One of the beneficiaries of the Lubuto Mthunzi American Youth Library is 24-year-old Hannah, who lives in Lusaka West, with her two children and her parents. Hannah first found out about the Lubuto Mthunzi American Youth Library (LMAYL) during an outreach session conducted by the library staff, and out of curiosity, decided to go and visit the library. Since that first visit, she has become a regular at the library and treasures her time there so much that she walks a distance of 3 km nearly every day in order to access the library services.
The LMAYL has served as a platform for a broad range of programming including efforts aimed at encouraging youth to stay in school. One of these programs is a scholarship fund that covers everything required for girls to attend secondary school, and Hannah, who dropped out of school in 2011 after becoming pregnant, applied and was accepted into this program.
“I am so happy to go back to school after being out of school for 6 years! I wouldn’t be here if it wasn’t for the library,” Hannah said when asked how she felt about the library and the scholarship she had received.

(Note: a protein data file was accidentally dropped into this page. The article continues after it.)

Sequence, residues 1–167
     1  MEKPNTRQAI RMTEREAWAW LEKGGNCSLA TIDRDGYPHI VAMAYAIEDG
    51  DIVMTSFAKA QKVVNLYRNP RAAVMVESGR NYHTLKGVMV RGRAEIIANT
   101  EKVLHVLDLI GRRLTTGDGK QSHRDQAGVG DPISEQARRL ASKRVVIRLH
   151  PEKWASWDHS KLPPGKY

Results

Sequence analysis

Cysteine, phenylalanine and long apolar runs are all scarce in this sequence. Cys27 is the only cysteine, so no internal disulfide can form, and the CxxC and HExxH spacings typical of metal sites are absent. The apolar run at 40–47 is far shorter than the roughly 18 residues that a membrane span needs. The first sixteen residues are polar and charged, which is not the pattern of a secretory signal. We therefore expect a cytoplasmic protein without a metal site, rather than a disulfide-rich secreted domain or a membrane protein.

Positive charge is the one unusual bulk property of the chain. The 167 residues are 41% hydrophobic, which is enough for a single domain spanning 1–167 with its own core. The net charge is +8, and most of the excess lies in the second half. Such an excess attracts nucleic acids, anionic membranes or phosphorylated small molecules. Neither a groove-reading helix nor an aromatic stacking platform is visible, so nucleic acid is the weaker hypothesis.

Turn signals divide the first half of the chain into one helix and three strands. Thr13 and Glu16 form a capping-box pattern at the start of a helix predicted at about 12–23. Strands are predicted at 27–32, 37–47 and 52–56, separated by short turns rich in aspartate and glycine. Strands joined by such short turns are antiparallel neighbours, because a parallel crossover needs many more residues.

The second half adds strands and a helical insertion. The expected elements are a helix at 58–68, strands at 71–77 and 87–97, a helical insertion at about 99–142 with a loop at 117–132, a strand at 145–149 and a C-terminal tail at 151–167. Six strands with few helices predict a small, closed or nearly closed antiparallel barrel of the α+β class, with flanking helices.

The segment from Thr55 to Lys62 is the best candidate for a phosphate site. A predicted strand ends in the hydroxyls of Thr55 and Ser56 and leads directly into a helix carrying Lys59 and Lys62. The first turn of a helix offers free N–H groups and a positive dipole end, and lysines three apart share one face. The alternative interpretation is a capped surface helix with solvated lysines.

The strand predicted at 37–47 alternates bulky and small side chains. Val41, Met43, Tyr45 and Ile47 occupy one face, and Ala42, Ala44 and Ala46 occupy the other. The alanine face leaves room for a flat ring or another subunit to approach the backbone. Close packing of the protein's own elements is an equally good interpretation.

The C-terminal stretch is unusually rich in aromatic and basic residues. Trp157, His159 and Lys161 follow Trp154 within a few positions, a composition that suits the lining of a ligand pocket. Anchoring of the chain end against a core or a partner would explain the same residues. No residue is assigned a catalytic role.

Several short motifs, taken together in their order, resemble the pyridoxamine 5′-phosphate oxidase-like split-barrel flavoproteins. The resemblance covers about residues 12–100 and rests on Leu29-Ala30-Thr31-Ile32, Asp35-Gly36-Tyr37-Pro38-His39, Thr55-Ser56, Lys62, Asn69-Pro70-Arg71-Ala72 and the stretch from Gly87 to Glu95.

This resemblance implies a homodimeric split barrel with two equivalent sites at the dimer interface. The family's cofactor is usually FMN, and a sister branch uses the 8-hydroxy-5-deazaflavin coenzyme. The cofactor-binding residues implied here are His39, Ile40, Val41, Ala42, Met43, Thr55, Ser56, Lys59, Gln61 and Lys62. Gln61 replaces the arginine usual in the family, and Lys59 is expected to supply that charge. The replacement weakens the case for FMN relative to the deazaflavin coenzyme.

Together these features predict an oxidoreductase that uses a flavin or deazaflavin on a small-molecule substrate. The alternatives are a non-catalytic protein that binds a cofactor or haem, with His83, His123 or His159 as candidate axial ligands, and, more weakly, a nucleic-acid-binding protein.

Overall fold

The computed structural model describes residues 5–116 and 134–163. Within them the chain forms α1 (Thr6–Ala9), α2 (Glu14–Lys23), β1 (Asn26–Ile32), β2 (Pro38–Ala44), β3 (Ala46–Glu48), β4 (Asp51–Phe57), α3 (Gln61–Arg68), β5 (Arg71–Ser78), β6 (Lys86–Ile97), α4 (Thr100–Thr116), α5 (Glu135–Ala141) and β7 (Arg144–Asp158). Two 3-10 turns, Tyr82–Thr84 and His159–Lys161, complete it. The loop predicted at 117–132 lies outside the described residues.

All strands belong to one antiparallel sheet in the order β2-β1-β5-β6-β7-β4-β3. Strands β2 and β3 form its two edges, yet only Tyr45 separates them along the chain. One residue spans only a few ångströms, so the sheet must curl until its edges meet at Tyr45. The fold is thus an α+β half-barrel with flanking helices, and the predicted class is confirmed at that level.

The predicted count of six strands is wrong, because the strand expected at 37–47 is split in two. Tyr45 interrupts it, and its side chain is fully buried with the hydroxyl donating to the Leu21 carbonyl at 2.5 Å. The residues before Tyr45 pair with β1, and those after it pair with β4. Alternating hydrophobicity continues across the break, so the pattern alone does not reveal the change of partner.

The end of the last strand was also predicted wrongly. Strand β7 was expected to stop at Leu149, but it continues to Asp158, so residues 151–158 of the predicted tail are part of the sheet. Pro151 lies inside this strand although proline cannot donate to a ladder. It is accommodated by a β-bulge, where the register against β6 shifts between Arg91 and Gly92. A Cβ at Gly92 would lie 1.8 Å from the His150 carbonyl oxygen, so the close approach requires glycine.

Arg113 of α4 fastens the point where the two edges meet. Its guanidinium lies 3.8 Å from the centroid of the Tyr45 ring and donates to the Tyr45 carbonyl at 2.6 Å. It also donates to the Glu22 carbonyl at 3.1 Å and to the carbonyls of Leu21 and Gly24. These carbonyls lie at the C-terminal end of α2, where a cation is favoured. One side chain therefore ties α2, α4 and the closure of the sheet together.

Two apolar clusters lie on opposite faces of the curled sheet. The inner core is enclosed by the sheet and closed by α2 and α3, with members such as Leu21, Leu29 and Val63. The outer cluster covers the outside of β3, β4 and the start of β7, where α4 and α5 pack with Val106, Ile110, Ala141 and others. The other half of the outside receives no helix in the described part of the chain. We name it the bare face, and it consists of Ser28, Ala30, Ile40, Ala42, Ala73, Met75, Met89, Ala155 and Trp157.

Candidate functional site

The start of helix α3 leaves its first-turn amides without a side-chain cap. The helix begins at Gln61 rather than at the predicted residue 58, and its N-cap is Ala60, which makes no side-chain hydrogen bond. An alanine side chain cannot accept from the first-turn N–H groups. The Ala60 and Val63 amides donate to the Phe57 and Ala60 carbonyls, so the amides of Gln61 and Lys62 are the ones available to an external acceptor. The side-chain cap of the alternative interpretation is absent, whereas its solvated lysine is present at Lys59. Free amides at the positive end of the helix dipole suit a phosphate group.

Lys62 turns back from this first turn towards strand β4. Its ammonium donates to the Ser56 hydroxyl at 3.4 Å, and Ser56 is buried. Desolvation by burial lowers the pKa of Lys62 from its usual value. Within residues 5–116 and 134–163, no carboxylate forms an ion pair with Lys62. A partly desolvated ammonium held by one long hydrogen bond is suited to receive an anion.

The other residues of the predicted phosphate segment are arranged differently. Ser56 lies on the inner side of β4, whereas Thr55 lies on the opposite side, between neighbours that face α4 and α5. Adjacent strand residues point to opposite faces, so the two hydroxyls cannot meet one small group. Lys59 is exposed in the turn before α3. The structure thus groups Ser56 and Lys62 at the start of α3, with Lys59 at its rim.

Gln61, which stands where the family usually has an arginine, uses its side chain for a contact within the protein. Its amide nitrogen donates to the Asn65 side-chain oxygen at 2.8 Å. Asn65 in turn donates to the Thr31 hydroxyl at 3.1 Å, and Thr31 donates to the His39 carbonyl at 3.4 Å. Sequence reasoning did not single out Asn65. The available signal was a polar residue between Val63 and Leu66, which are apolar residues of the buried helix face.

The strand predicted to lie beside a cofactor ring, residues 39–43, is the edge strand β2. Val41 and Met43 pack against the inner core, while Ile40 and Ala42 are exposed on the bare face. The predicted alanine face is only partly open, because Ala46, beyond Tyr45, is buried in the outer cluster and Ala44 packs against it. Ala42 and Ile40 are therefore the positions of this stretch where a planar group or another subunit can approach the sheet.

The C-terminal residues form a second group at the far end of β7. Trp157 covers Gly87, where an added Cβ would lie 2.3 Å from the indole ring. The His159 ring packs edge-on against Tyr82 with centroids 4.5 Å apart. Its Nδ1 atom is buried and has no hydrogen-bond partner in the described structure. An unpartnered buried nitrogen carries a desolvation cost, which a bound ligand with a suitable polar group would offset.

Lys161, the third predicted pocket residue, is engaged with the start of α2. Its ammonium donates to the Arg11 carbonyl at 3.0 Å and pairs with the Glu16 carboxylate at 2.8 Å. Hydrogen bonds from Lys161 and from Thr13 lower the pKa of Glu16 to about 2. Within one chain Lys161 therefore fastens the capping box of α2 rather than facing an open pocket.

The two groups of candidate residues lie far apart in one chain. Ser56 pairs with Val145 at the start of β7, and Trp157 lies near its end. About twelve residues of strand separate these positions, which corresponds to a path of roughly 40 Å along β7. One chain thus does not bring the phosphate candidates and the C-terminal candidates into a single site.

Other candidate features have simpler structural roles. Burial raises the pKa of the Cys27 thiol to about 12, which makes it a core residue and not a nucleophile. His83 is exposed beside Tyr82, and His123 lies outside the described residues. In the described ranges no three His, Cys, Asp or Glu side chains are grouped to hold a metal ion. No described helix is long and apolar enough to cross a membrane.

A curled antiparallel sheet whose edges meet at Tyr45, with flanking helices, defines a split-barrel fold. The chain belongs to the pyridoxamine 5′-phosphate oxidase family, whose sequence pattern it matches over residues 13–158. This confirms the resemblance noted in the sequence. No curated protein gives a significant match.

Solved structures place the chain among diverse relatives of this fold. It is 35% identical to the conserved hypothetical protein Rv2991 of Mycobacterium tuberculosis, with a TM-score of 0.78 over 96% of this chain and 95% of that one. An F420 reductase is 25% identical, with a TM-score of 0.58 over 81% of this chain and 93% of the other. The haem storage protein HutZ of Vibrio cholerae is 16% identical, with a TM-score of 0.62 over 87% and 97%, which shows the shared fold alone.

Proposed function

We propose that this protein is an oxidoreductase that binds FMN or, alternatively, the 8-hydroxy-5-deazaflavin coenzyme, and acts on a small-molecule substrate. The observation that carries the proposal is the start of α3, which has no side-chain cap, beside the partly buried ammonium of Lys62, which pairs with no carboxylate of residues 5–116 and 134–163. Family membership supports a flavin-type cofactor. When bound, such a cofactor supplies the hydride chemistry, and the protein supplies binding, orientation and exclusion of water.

Stories like Hannah’s—of girls who have little to no opportunity to access potentially life-changing education—abound in the area. In spite of state legislation that allows young mothers to re-enroll in secondary school, the cost of school fees, uniforms and supplies creates an especially high barrier for this group who have children to provide for. However, accessing Lubuto’s library services has provided a way for youth who would otherwise be excluded from the mainstream education system to be connected to educational opportunities, and in doing so, the LMAYL is directly changing the lives of marginalized youth in the area. The success of the LMAYL illustrates the effectiveness of the American library model in both reaching and supporting youth who are overlooked by many other forms of youth empowerment.
The American people’s generosity has provided underprivileged and vulnerable youth in Lubuto’s area of operation with an expertly curated, contextually relevant book collection, which grants them access to knowledge. What they learn at the library teaches American values that will help them strive towards leading civic-minded lives. In a country that allocates few resources to youth-friendly public library services, the opportunity granted to the Lubuto Mthunzi American Youth Library users would otherwise not have been possible.